When Muhammad Ali passed away on June 4th, 2016, those who knew him, admired him, fought him and loved him attested to his singular skill as a boxer, his fleet footwork and his way with words (especially of the trash-talking variety). What was often emphasized the most in these tributes, however, was how Ali was as much a political firebrand as a gamechanging pugilist – both the 20th century’s consummate athlete and a social activist willing to sacrifice his career by standing up for what he believed. This was the heavyweight champion of the world who was calling America out on its racist roots, who publicly embraced a controversial religion that confused much of Christian America, who was a friend to Malcolm X and who refused to go to Vietnam. He was a man of his time, and those times were extraordinarily turbulent.
You get a good idea of how much the decade between 1964 to 1974 politicized the boxer formerly known as Cassius Clay in the 2001 biopic Ali – but for the movie’s director Michael Mann, it still wasn’t good enough. So when he began prepping the movie for its Blu Ray release, the 73-year-old filmmaker decided he was going to change a few things. He’d already revisited the material and recut the movie once, for a TV version that he’s cited in interviews as being superior in terms of narrative flow. Now, however, Mann wanted to bring more of the context that had shaped Ali into the center of the proverbial ring. Some of the original’s fight scenes have been trimmed or excised altogether; sequences that depicted Bruce McGill’s intelligence operative skulking around Africa and President of the Congo Mobutu Sese Seko is watching the “Rumble in the Jungle” fight with Idi Amin have been added and/or substantially buffed up. Cheering crowd scenes that said one thing before mean something else entirely now, having been moved forward in the storyline.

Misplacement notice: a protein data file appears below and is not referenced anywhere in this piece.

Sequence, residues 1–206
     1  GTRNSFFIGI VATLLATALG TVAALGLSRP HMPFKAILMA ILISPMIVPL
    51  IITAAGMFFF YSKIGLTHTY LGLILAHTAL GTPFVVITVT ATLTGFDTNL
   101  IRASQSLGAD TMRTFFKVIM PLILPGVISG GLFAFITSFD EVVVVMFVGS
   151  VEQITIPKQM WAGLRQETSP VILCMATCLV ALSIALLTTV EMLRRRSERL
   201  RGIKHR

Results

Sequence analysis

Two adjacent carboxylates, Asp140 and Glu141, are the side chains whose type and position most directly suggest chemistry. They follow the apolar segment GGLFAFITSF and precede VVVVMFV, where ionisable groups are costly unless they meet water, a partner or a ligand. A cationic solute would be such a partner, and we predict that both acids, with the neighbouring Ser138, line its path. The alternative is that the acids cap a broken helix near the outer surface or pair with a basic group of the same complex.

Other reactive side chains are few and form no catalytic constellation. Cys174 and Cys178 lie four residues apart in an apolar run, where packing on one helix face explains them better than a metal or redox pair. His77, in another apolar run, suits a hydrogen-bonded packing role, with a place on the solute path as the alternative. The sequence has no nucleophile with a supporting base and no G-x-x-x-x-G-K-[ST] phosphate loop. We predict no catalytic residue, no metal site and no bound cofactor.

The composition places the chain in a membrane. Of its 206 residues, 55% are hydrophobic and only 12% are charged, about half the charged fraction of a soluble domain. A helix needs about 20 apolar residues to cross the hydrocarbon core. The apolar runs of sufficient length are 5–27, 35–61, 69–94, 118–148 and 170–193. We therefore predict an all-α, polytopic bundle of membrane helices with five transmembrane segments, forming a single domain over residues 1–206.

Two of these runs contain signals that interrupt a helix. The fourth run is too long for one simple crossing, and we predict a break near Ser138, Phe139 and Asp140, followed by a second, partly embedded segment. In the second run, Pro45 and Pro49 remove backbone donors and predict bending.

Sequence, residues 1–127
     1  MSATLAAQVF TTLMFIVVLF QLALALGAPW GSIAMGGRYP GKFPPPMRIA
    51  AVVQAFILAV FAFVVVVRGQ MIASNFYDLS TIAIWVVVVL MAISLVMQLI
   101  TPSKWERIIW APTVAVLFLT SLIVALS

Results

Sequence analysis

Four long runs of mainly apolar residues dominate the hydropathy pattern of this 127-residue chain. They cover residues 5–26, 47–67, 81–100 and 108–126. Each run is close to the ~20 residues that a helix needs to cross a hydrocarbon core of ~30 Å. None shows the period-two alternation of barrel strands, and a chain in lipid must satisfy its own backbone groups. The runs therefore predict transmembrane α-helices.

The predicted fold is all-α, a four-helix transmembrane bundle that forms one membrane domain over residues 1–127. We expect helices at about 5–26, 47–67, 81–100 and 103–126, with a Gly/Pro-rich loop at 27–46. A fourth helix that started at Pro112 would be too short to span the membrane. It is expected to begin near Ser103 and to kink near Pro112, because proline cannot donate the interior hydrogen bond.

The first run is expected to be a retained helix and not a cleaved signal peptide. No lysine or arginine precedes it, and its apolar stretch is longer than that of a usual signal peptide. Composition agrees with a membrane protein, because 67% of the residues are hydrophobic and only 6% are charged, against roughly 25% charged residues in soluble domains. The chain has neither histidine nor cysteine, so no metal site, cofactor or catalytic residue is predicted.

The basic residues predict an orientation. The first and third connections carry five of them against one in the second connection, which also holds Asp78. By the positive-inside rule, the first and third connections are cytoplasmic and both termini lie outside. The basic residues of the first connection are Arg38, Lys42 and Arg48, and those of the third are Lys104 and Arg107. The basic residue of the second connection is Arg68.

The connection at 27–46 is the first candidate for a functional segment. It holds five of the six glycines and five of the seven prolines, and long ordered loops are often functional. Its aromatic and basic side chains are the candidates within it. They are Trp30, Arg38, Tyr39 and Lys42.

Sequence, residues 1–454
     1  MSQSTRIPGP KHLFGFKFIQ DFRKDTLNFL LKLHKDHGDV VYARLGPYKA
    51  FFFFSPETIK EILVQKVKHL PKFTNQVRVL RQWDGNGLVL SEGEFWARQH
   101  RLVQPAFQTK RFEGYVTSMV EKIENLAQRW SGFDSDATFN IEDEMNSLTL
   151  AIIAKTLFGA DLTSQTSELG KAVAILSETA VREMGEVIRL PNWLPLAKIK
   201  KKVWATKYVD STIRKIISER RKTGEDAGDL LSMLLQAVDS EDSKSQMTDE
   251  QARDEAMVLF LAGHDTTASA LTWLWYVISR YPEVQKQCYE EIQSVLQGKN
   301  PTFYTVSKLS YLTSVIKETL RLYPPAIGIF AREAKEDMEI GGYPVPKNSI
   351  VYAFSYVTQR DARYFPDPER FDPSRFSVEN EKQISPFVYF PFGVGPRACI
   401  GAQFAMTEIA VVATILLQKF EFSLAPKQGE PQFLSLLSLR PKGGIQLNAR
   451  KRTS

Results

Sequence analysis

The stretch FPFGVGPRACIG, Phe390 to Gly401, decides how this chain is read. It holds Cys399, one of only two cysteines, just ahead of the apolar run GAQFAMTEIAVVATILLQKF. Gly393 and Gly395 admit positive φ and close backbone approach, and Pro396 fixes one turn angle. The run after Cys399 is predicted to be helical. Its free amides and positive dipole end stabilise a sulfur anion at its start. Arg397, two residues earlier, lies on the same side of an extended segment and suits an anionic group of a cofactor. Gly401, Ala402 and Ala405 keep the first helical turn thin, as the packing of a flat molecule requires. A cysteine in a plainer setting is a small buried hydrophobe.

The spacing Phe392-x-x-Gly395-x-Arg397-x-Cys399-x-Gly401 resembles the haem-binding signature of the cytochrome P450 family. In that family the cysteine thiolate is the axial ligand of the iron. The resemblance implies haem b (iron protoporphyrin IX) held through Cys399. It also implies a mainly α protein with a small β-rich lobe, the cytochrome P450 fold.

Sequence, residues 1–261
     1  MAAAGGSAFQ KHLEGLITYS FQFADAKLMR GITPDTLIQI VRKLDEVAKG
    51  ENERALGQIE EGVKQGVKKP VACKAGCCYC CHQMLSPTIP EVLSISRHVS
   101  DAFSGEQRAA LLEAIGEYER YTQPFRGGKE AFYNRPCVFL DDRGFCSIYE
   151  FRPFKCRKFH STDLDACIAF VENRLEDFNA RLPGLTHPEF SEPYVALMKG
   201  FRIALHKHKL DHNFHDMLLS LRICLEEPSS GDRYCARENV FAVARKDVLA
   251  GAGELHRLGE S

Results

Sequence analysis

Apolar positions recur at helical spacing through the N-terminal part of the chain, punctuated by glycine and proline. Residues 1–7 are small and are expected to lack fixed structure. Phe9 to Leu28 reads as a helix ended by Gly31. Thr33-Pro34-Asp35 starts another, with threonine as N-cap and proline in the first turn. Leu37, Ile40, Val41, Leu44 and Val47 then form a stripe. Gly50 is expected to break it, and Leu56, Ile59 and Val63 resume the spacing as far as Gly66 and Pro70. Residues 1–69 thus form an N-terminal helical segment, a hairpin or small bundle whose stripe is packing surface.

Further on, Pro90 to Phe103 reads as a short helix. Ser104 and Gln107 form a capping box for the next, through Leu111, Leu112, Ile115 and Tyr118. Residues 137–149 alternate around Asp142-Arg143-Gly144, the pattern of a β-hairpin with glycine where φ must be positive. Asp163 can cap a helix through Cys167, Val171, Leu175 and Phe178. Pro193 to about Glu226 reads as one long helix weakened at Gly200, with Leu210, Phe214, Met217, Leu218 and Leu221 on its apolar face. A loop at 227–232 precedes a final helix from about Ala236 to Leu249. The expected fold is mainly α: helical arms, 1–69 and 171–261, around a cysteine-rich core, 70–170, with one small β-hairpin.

The result is less a recut than a radical (and radicalized) revision of Mann’s take on the Greatest, in which the biographical elements recede and a supense film in which everyone – from the Nation of Islam power players who rejected Ali to the U.S. government, C.I.A. spooks to dictators – has the champ in their crosshairs. And according to the director, those elements only make Ali’s story more pertinent than ever. The day before this latest version of Ali hit shelves, Mann talked to Rolling Stone about why he needed to update the film, how he and Will Smith found their vision of the man behind the gloves and what the movie and the man can teach us about life in the Trump era.
Why did you feel the need to go back and make a third cut of the movie?
I wasn’t satisfied with how I felt at the end of the film – which is to say, the story that was being told wasn’t complete. It needed to be reorganized, or re-authored, in a way. If all drama is conflict – and I believe it is – then I needed to make more it more tangible that lots of adversarial elements had arraigned against Ali, and that they were all connected. Suddenly, what becomes more poignant is the sense of the years Ali lost, which would have been the best years of his career as a boxer. You get the pressure impacts on his family, so that Belinda (played by Nona Gaye) believing that George Foreman is going to kill him reads as more a lack of faith. And basically, it connects those elements more to FBI/COINTELPRO operation, the CIA surveillance, and how they all link. Ali was aware of what was going on in the Third World; he knew who [Congolese independence activist] Patrice Lumumba was and why he was considered dangerous.
The idea is that, by emphasizing the fact that Ali was targeted by folks in power – here and abroad – you’re reframing him as a global symbol of freedom?
If this new cut works, it means that the triumph at the end of that George Foreman fight is also Ali truly landed a blow against those powers. It reiterates the thing he says at the very beginning of the film: Who should I be?